In the realm of cycling helmets, few innovations of the past couple of years have caused as much of a stir as Multi-Directional Impact System (MIPS) and Smith's impact-absorbing Koroyd structure. For 2016, the two technologies return as the protective heart of the Smith Overtake MIPS Helmet, which has been left largely unchanged except for some aesthetic tinkering. In addition to MIPS and Koroyd, the aerodynamic benefits, weight savings, and heat evacuation of the new Overtake Helmet are the exact same as its predecessor.
MIPS addresses the specific pressures of an oblique, or non-direct impact, by separating the outer shell from the inner, MIPS layer. In the event of an angled impact, the outer layer slides across the MIPS layer, dissipating rotational force to reduce brain deformation, which is often responsible for concussions and long term damage. Since the impact of cycling crashes tends to happen at angles other than 90 degrees, this added element of protection will likely come into play if you take an unfortunate tumble.
The rest of the features are the same as those of the non-MIPS Overtake, including the distinctive Koroyd layer. Koroyd is what Smith is calling the funny looking layer of honeycomb tubes that runs beneath the outer shell and more traditional EPS foam. It's made of thousands of tiny, extruded co-polymer tubes that absorb impact but have a fenestrated surface that allows for a level of breathability impossible to achieve with solid EPS foam while absorbing a claimed 30% more energy. Plus, it's pretty cool looking, especially in Smith's mix of contrasting and complementary color schemes.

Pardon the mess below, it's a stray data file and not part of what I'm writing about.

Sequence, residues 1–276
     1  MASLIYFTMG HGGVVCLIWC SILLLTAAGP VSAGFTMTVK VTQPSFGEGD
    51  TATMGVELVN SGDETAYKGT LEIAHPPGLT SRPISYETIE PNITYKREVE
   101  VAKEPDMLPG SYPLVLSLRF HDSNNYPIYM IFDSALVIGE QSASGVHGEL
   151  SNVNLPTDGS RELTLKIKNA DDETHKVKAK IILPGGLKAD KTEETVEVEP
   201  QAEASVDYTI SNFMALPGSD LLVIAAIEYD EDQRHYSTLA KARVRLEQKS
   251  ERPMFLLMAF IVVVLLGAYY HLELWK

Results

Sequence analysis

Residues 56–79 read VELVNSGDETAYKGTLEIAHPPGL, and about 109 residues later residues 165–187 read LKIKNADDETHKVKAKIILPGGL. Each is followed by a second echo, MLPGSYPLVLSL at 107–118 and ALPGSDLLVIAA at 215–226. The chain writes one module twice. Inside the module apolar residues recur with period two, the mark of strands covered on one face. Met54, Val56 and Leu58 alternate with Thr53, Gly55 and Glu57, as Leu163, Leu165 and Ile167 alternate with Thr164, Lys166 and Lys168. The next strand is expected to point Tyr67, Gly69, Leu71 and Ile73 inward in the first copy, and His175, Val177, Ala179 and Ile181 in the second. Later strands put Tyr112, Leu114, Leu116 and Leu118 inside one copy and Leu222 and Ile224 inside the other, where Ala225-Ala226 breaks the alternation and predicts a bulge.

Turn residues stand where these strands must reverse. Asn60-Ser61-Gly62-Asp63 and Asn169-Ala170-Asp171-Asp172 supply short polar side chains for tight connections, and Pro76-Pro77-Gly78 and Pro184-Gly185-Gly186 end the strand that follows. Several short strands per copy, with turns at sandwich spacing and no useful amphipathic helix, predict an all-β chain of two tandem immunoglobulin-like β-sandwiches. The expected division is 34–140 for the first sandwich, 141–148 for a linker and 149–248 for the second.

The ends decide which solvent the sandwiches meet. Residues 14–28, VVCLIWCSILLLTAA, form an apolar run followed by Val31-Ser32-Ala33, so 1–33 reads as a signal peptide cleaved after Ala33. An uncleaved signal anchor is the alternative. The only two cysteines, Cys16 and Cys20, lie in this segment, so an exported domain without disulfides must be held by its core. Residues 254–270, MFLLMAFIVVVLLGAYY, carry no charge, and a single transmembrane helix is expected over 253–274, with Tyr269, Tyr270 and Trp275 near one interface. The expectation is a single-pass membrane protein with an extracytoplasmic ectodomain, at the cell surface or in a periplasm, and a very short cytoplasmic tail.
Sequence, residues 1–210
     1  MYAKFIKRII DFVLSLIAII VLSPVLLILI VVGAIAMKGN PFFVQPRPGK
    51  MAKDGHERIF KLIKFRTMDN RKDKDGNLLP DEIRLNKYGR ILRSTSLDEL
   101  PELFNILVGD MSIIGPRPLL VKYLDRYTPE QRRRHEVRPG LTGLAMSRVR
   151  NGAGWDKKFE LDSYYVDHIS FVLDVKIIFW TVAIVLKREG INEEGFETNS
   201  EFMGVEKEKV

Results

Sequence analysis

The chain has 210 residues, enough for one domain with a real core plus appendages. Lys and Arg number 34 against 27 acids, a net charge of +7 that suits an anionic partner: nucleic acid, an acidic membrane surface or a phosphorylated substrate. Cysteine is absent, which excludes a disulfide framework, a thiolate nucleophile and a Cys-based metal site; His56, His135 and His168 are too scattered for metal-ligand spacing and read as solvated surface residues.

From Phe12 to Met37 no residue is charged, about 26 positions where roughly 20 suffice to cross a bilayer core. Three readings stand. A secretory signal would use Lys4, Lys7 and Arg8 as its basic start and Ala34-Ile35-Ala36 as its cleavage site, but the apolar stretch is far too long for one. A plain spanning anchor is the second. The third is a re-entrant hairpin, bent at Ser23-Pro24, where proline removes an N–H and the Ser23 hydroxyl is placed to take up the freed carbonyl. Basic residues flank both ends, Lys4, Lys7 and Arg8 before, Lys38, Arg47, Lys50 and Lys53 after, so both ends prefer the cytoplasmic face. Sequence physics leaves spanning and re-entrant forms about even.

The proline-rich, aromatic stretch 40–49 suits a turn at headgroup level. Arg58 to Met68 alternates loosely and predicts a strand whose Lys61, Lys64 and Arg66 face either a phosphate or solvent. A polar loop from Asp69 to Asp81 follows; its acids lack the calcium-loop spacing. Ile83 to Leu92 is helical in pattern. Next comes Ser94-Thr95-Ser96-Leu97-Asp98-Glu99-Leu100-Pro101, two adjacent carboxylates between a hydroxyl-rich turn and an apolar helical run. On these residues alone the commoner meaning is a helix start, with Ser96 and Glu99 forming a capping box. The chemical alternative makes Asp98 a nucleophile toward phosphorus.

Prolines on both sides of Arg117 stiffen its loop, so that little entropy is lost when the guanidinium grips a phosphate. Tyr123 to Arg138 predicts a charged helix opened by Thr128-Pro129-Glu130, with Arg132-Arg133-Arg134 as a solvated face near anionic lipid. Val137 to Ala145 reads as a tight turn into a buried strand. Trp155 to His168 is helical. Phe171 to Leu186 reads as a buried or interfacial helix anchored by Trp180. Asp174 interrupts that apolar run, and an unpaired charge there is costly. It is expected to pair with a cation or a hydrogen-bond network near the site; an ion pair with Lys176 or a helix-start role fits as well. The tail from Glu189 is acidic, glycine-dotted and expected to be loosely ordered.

Now for aerodynamics, which has become the buzz word in cycling helmets of late. Smith is aware that the Overtake would have to stack up against the industry's best in this department or it would be received as just another novelty act, so it brought in Len Brownlie, an aerodynamics guru whose CV includes helping time trial medalists dial their position, contributing to Canada's OwnthePodium project, and — oh yeah — presenting a paper titled "The wind-averaged aerodynamic drag of competitive time trial cycling helmets" at the 2010 conference of the International Sports Engineering Association in Vienna. Brownlie adapted an automobile industry test for cycling specific applications, and the Overtake was tossed into the wind tunnel for a test.
Apparently the Overtake studied, because it passed. At a simulated 25 miles per hour over 40 kilometers, the Overtake surrendered a mere 1.06 seconds of advantage to the Specialized Evade and actually gained 4.15 and 26.8 seconds over Giro's Air Attack and Aeon, respectively. And at 250 grams, there's no weight penalty, putting it in the company of peloton-grade helmets from the likes of POC and Giro, and it's actually 10 to 20 grams lighter than helmets from Catlike and Kask. So it's aerodynamic, lightweight, and it features some welcome design elements like sunglass channels to stow your shades just above the temples for coffee shop raids.
- MIPS protection
- AEROCORE construction
- 21 vents
- Optics perch
- Cooling X-Static lining
- VaporFit Adjustable Fit System
- Carbon fiber structural reinforcements